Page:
Waiting on a Pay Day

As one of the top quarterbacks in the NFL, Russell Wilson has made it clear that he thinks he deserves just as much money as other recently signed quarterbacks, such as Joe Flacco, Derek Carr, Alex Smith and Matthew Stafford.

Russell Wilson has had enough. After ongoing contract discussions with the Seattle Seahawks have yielded little to no process, Wilson is putting his foot down. The quarterback has announced a self-imposed deadline of April 15 to reach a contract extension with the team, the start of the Seahawks’ voluntary work- outs. If no deal is reached, Wilson is willing to play out the final year of his contract and enter next offseason as an unrestricted free agent.

Players playing out the final year of their contract without an extension is not an uncommon practice in the NFL. However, when it comes to a top ten quarterback in the league such as Wilson, teams rarely, if ever, reach this position with their quarterback. An elite starting quarterback is one of, if not the most valued positions in all of sports, and teams who do not have one are always trying to find one no matter the price.

This is what makes the Seahawks ‘standoff with Wilson all the more peculiar. With new deals in the past few years for quarterbacks like Matthew Stafford, Derek Carr, Alex Smith and even Joe Flacco dwarfing his current average yearly value of his contract (just under $22 million), Wilson feels that he deserves a raise. His numbers and career accolades certainly back up that sentiment. Wilson has been named to the Pro Bowl in five of his eight seasons, threw a career high number of touchdowns last season and has won a Super Bowl among other career accomplishments.

Wilson and his representatives will most likely be looking for a deal that surpasses Packers quarterback Aaron Rodgers’ $33.5 million annual average, which would make Wilson the highest paid player in the history of the NFL. Despite his numerous accolades and leadership presence in the locker room, Wilson and the Seahawks have thus far been unable to reach an agreement on a contract extension.

In the past, general manager John Schneider and head coach Pete Carroll have built their team centered around a dominant defense and a punishing rushing attack, which led them to their Super Bowl victory in 2014. However, with the departure of the Seahawks’ famed Legion of Boom (Richard Sherman, Earl Thomas and Kam Chancellor) and running back Marshawn Lynch in recent years, the attention has rightfully shifted to Wilson. He is the heartbeat of the Seahawks, and his propensity to bail the team out of seemingly hopeless situations time and time again with his scrambling ability and great decision making has made him one of the top quarterbacks in the league and an invaluable piece to the success of the Seahawks.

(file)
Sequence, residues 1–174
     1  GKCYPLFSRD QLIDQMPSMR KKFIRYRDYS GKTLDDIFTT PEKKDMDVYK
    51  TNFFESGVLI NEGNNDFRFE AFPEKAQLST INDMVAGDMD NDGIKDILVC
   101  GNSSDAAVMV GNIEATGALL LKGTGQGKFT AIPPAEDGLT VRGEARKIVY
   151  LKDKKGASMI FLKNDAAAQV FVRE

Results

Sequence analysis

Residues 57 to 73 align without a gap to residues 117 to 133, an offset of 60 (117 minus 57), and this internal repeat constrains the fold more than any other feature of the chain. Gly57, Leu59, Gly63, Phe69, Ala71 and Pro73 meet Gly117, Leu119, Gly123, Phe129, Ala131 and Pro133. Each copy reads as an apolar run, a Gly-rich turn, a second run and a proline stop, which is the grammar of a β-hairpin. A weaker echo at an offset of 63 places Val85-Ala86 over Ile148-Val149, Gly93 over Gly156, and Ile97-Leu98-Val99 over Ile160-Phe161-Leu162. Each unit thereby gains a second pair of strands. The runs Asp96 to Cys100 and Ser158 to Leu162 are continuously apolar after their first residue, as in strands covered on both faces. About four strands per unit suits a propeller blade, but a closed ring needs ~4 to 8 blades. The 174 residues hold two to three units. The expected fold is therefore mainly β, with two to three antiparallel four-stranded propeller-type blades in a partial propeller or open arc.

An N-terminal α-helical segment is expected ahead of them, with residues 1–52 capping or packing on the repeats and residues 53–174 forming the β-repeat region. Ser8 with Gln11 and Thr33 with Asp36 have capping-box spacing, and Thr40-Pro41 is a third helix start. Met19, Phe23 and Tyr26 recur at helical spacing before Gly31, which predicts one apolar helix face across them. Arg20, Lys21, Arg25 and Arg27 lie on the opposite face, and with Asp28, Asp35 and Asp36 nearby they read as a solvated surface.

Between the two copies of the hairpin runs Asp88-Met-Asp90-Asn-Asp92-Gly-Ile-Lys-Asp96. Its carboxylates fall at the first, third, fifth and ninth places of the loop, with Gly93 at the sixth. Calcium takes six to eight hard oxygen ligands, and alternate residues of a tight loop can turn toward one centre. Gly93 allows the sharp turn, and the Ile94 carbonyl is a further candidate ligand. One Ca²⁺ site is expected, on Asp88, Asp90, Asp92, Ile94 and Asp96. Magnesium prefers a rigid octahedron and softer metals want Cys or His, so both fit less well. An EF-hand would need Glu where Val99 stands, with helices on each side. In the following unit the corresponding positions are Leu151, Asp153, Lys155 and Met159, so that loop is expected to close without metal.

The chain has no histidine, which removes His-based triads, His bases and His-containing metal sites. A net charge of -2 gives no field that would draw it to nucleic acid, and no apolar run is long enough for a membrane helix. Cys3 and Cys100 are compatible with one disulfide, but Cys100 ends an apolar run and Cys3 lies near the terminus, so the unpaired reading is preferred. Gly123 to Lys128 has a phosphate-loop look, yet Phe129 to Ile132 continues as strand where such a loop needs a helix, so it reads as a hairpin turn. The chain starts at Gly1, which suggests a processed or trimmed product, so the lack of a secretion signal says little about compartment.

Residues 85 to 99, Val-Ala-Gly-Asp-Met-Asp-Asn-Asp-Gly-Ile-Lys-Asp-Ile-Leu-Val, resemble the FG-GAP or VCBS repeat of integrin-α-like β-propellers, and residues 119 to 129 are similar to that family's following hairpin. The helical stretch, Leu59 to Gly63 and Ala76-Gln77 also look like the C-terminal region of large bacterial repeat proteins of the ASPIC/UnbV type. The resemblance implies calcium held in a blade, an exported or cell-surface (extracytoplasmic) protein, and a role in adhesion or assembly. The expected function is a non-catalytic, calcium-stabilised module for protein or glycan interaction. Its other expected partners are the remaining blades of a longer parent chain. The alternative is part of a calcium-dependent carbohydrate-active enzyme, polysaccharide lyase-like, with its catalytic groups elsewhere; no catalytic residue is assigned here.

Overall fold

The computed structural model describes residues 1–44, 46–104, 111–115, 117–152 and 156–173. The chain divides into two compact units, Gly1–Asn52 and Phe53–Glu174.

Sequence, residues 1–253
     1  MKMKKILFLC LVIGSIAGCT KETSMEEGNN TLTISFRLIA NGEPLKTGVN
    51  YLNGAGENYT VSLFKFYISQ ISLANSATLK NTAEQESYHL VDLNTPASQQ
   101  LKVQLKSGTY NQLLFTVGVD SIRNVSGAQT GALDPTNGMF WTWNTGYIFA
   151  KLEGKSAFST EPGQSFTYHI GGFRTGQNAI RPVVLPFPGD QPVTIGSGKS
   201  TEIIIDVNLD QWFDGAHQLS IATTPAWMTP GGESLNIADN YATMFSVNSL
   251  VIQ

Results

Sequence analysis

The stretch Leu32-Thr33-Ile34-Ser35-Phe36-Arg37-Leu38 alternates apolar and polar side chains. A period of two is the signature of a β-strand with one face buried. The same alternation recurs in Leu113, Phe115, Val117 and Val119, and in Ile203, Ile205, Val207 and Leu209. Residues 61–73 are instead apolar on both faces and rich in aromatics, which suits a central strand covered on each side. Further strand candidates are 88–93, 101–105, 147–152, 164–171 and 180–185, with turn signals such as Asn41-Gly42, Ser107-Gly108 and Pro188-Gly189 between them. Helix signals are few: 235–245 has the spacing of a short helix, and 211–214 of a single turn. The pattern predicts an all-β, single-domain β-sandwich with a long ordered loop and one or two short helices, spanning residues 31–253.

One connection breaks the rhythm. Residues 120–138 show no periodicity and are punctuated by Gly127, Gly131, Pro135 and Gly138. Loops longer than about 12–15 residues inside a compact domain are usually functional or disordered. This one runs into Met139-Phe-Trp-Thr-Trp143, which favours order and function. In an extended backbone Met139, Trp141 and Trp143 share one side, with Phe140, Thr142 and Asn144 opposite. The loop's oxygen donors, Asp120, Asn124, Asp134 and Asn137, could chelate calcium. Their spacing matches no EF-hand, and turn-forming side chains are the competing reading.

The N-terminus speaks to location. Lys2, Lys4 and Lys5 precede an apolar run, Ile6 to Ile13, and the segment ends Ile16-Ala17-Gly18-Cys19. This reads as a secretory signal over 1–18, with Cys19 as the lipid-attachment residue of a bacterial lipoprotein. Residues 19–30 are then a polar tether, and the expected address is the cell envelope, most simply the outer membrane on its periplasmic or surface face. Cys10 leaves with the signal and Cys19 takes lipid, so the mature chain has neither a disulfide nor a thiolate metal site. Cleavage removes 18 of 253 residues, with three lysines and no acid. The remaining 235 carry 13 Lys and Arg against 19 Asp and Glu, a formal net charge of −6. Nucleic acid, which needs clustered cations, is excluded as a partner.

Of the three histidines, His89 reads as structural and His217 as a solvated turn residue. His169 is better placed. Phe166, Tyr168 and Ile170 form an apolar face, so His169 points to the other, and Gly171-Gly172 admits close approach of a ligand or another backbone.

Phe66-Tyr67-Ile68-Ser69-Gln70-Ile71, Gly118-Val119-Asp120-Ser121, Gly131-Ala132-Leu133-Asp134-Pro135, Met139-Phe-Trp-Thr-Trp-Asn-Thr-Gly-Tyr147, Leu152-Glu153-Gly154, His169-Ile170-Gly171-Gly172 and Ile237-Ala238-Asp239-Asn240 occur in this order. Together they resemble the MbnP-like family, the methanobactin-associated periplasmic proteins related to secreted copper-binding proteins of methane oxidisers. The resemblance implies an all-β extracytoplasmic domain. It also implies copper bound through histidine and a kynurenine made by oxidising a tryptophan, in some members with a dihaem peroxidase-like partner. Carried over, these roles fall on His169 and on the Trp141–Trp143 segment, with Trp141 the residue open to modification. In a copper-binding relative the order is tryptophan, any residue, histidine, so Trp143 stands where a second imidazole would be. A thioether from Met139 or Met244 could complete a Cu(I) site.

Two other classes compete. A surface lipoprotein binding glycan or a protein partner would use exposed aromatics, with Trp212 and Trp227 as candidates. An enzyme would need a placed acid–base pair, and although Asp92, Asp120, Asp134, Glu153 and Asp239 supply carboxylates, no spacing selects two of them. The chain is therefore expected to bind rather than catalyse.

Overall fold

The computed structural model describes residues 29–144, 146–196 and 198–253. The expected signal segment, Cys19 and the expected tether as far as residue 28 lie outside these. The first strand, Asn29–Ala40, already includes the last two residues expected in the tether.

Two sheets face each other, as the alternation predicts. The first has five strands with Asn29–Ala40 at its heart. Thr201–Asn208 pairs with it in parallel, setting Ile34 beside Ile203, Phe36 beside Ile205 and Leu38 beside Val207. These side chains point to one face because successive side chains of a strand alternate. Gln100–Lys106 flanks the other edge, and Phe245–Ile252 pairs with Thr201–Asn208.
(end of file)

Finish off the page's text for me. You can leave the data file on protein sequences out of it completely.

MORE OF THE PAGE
If the team and Wilson are ultimately unable to come to an agreement on a contract extension before Wilson’s April 15 deadline, the Seahawks run the risk of having to use the franchise tag on him next offseason, which is currently projected at $30.3 million, or let him walk away in free agency. With the draft happening soon, the Seahawks could also look to take a quarterback depending on how talks with Wilson progress over the next week. Time is slipping away for Wilson and the Seahawks to reach a deal, as the future of both the franchise and its star quarterback hang in the balance.

Contact Zachary Schiller at zschiller@colgate.edu.

(0) comments

Welcome to the discussion.

Keep it Clean. Please avoid obscene, vulgar, lewd, racist or sexually-oriented language.
PLEASE TURN OFF YOUR CAPS LOCK.
Don't Threaten. Threats of harming another person will not be tolerated.
Be Truthful. Don't knowingly lie about anyone or anything.
Be Nice. No racism, sexism or any sort of -ism that is degrading to another person.
Be Proactive. Use the 'Report' link on each comment to let us know of abusive posts.
Share with Us. We'd love to hear eyewitness accounts, the history behind an article.